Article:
Matt Damon turned down 'Avatar' lead role, lost out on $250 mn payout
London: Matt Damon has revealed filmmaker James Cameron had originally offered 2009 sci-fi epic "Avatar" to him but the actor turned him down as it could have caused problems for director Paul Greengrass' "The Bourne Ultimatum".
The role of disabled former marine Jake Sully in the visual spectacle later went to Sam Worthington and the movie earned USD 2.79 billion at the global box office.
Damon said the offer included 10 per cent of the film's profits; he lost out on USD 250 million.
But for the actor the bigger regret was passing on the opportunity to work with Cameron, an iconic director who works infrequently.
"Jim Cameron offered me 'Avatar', And when he offered it to me, he goes, 'Now, listen. I don't need anybody. I don't need a name for this, a named actor.
"If you don't take this, I'm going to find an unknown actor and give it to him, because the movie doesn't really need you. But if you take the part, I'll give you ten per cent of...' So, on the subject of money..." Damon told British GQ magazine.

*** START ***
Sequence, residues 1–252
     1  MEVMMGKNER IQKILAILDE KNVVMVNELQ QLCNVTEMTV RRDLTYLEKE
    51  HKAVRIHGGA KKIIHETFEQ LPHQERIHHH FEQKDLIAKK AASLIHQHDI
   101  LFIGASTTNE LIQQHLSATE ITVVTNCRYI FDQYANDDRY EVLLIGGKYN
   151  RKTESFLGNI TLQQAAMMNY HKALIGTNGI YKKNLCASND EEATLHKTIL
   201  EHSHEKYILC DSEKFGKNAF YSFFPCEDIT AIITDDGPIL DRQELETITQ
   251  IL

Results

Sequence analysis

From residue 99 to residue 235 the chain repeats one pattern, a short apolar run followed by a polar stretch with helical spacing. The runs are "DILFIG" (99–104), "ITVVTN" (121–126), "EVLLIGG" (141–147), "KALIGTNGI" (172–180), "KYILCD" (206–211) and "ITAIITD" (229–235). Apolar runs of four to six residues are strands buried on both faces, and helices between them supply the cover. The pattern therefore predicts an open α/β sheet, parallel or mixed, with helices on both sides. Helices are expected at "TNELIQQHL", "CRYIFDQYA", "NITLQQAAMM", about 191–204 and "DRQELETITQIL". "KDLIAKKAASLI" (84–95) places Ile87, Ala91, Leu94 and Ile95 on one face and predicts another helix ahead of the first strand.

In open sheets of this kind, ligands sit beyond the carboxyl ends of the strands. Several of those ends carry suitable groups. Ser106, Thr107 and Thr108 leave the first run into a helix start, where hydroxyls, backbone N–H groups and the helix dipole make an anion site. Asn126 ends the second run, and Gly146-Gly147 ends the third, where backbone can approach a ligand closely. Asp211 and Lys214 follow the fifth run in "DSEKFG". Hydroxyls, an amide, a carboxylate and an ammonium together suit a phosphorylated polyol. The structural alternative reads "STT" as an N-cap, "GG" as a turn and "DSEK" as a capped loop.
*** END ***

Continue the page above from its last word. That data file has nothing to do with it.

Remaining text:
The Jason Bourne actor said losing out on working with Cameron "sucked and that's still brutal".
"The bigger thing still to this day, my bigger regret is - it would have caused a problem for Paul Greengrass and for all my friends on 'The Bourne Ultimatum', so I couldn't do it. But Cameron said to me in the course of that conversation, 'Well, you know, I've only made six movies.'
"I didn't realise that. He works so infrequently, but his movies, you know all of them. So it feels like he's made more than he has. I realised in having to say no that I was probably passing on the chance to ever work with him... But my kids are all eating. I'm doing ok," Damon said.
The actor said he shared the story of passing on the film with actor-director John Krasinski when they were writing 2012's "Promised Land", in which they also starred.
"We're writing this movie about fracking. We're writing in the kitchen and we're on a break and I tell him the story and he goes, 'What?' And he stands up and he starts pacing in the kitchen. He goes, 'OK. OK. OK. OK. OK.'
"He goes, 'If you had done that movie, nothing in your life would be different. Nothing in your life would be different at all. Except that, right now, we would be having this conversation in space.' So, yeah. I've left more money on the table than any actor actually," he added.
In February, Cameron revealed Hollywood stars Chris Evans and Channing Tatum had auditioned for the lead role in "Avatar", before zeroing in on Worthington.